Format file specifications

The format file describes the patterns that the agent looks for to match events in the monitored logs. The format file consists of one or more format specifications.

You can change the format file while an agent instance is running. The file is read by the agent when it starts, and is monitored for changes to its time stamp every 60 seconds thereafter. If the time stamp of the file changes, the agent reinitializes its configuration dynamically, without requiring a restart. For more information, see Changing the agent configuration and format files.

To create new patterns to match an event, use the new regular expression syntax that consists of the following parts:

The format header contains the REGEX keyword, which informs the agent that you are using a regular expression to match the pattern in the monitored log.

You assign this regular expression to an event class as shown in the following example:


If you use the special predefined event class *DISCARD* as your event class, any log records matching the associated pattern are discarded, and no events are generated for them. For example:


When a pattern is matched, nothing is written to the unmatch log. The log file status records that are matched include these discarded events.

Note: You can assign multiple event definitions to either the same event class or to different event classes. The class name is arbitrary and you can use it to indicate the type of event or to group events in various ways.

After the format header, the format content consists of a regular expression on the first line, followed by mappings. Each mapping is shown on a separate line and these mappings are described in the following example.

All lines that match the regular expressions are selected and sent to the monitoring server as events. The regular expression contains subexpressions. You can use the subexpressions to match specific parts of these lines that are the same to a variable called a slot in the Event Integration Facility.

The following monitoring log contains three lines that you might want to monitor:

Error:  disk failure 
Error: out of memory 
WARNING: incorrect login

For example, you generate an event for a specific error, such as the lines that begin with Error and ignore the line that begins with Warning. The regular expression must match the lines that begin with Error and also include a subexpression. The subexpression is denoted by parentheses and it must match only the input text that you want to assign to the msg slot. The following format definition is a simple regular expression with only one subexpression:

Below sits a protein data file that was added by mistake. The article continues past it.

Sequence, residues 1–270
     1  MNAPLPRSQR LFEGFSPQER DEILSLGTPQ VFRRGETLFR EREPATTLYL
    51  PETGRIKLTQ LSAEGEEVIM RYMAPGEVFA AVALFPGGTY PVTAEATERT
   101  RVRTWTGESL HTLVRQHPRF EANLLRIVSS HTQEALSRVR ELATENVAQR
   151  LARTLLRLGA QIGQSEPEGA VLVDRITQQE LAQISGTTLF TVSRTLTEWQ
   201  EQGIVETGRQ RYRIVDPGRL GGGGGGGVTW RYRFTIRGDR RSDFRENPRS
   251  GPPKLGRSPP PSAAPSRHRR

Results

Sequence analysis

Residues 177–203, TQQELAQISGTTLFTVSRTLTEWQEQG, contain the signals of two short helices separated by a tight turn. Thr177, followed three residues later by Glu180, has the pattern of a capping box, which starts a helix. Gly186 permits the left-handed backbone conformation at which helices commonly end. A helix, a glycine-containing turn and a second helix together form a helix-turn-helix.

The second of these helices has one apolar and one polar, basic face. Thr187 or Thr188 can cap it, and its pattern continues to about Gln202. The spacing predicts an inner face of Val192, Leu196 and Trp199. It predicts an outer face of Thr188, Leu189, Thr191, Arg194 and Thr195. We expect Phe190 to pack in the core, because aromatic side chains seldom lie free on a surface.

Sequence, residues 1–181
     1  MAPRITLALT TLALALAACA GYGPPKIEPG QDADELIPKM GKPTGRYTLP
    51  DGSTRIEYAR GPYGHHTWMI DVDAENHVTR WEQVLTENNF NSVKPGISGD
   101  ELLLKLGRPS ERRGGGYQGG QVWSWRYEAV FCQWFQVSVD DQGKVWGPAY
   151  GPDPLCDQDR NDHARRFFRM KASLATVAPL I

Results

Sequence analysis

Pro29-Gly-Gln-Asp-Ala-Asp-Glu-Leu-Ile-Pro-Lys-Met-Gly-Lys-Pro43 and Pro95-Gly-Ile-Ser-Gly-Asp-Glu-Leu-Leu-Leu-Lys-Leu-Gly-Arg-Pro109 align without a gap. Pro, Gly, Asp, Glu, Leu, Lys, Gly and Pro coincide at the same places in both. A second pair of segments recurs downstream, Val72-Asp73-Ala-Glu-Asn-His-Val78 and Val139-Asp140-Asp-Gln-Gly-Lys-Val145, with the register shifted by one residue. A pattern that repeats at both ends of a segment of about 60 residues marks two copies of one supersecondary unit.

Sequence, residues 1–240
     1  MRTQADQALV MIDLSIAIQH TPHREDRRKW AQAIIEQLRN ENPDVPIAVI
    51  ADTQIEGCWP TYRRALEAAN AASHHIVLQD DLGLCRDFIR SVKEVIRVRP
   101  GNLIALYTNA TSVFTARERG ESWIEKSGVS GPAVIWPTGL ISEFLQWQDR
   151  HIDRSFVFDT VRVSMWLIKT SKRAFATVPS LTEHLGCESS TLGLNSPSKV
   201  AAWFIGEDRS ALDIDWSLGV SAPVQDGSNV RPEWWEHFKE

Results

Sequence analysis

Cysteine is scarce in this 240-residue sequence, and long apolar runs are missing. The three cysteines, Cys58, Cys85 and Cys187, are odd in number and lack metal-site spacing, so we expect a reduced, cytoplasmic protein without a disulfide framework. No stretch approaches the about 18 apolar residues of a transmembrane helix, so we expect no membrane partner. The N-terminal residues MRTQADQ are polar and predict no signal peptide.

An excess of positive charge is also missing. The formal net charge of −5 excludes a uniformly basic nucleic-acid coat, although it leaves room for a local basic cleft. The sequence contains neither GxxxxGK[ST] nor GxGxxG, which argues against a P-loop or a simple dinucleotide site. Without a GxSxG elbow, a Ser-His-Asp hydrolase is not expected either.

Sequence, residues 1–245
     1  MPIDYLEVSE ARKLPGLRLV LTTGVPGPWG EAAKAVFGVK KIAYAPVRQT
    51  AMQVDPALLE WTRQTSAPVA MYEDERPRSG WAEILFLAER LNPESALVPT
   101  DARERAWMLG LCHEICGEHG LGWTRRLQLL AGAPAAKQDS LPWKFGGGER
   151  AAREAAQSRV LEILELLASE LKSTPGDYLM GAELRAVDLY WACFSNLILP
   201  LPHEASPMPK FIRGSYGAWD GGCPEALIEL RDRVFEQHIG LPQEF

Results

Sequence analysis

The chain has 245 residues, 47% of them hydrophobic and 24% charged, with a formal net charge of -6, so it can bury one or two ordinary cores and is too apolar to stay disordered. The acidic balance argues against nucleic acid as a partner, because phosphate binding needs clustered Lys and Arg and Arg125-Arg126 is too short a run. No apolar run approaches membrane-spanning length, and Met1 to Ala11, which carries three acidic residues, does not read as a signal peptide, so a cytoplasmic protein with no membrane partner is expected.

Error: (.*)
msg $1

Based on this format specification, and the preceding set of log data, the agent generates two events. Both events are assigned the REEXample event class. In the first event, the disk failure value is assigned to the msg slot. Also, in the second event, the out of memory value is assigned to the msg slot. Because the Warning line did not match the regular expression, it is ignored and no event is generated.

When you assign the value of $1 to the msg slot, you assign it the value of the first subexpression.

If you have log text that contains the following errors, you might want to assign these error messages to their own event class so that you are informed immediately of a disk failure:

Error: disk failure on device /dev/sd0: bad sector
Error: disk failure on device /dev/sd1: temperature out of range

You can include a description of the disk on which the error occurred, and more specifically the disk error in the event.

The following regular expression contains two subexpressions that identify this information:

REGEX DiskFailure
Error: disk failure on device (/dev/sd[0-9]):(.*)
device $1 CustomSlot1
msg $2

You assign these two subexpressions to event slots. The two events that are generated contain the following values:

"device=/dev/sd0" and "msg=bad sector"
"device=/dev/sd1" and "msg=temperature out of range"

If you use EIF to generate the first event, it displays as shown in the following example:

DiskError;device='/dev/sd0';msg='bad sector';END

If the event is sent to the Cloud APM server, the slot that is named msg is assigned to the Performance Management agent attribute with the same name. But the device slot has no predefined attribute.

If you need to see the value that is assigned to device directly on the Cloud APM console, or write thresholds against it, you must assign it to a Performance Management attribute.